The United Nations Security Council condemned a rocket attack that killed two UN peacekeepers and a contractor in northeast Mali, warning the assault could be a war crime.

In a unanimous declaration, the council's 15 member countries urged the Malian government to "swiftly investigate this attack and bring the perpetrators to justice and stressed that those responsible for the attack should be held accountable".

"The members of the Security Council underlined that attacks targeting peacekeepers may constitute war crimes under international law," a statement added.

The Council also stressed its "full support" for the UN mission in Mali, MINUSMA, and the French troops that support it.

Ansar Dine extremists claimed the pre-dawn attack yesterday on the camp in Kidal, a week after a deadly siege at a Bamako hotel shocked the country.

Another 20 people were injured, four of them seriously.

"Our camp in Kidal was attacked early this morning by terrorists using rockets," said an official from the UN peacekeeping mission in Mali (MINUSMA), adding that two Guinean UN peacekeepers and a civilian contractor were killed.

Militant group Ansar Dine (Defenders of the Faith) has claimed responsibility for the deadly attack.

The attack was "in response to the violation of our lands by the enemies of Islam," one of the group's senior figures said by phone.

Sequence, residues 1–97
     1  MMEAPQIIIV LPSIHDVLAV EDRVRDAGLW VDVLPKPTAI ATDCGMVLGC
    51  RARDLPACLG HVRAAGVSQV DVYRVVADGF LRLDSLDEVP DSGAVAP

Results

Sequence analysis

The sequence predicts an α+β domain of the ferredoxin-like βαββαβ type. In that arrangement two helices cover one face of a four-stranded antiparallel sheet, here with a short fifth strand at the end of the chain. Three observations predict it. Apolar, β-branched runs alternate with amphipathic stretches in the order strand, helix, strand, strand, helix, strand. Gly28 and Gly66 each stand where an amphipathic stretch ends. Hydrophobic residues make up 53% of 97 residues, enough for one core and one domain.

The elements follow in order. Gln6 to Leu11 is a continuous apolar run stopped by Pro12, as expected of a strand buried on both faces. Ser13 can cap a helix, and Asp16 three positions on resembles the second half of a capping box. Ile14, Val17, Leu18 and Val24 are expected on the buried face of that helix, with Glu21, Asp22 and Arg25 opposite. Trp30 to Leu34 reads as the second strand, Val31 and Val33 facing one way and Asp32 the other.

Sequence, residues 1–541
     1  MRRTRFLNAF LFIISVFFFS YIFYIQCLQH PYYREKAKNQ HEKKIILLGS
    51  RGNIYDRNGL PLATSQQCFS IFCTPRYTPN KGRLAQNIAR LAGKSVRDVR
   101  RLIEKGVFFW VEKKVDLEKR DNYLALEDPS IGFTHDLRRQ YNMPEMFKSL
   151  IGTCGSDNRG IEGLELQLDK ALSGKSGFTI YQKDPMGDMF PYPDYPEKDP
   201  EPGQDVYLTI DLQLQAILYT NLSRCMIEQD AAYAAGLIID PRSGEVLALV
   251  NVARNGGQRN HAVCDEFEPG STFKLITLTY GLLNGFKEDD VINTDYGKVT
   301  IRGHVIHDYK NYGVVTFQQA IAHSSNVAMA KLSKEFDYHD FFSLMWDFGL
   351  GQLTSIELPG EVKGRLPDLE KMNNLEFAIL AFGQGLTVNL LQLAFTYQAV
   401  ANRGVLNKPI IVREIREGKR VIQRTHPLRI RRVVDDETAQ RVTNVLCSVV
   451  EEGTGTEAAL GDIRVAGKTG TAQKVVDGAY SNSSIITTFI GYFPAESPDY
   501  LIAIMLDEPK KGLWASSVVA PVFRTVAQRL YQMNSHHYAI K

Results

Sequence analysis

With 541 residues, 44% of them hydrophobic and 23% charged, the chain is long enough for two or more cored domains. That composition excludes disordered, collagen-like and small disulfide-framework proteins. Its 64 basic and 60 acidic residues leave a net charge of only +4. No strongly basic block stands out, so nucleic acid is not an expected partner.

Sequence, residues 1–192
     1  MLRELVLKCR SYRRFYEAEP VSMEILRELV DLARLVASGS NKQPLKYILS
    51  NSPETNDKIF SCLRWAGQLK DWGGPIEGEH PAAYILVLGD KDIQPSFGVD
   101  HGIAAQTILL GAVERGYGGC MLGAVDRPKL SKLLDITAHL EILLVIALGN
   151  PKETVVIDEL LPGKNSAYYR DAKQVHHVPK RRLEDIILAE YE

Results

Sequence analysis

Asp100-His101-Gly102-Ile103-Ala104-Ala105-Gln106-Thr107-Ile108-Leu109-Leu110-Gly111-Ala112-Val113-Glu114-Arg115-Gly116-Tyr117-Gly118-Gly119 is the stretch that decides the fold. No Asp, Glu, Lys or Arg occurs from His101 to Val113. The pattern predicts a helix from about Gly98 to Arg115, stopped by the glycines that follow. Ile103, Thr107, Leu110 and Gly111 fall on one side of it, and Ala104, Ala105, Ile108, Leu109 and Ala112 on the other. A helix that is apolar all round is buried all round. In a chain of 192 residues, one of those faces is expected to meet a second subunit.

The attack came eight days after a siege at a luxury hotel in Mali's capital Bamako, in which 20 people died including 14 foreigners.

Armed men held around 170 guests and staff hostage in the 20 November siege that lasted about nine hours before Malian and international forces stormed the hotel to free the captives.

Two separate militant groups claimed responsibility for the hotel assault: the Al-Murabitoun group, an Al-Qaeda affiliate led by Mokhtar Belmokhtar, and the Macina Liberation Front (LWF) from central Mali.

Mali has been torn apart by unrest since the north fell under the control of jihadist groups linked to Al-Qaeda in 2012.

The Islamists were largely ousted by a French-led military intervention early the following year, but large swathes of Mali remain lawless and prone to extremist attacks.

MINUSMA's mission has been the costliest for UN peacekeepers in terms of human lives since the 1993-95 UNOSOM II mission in Somalia.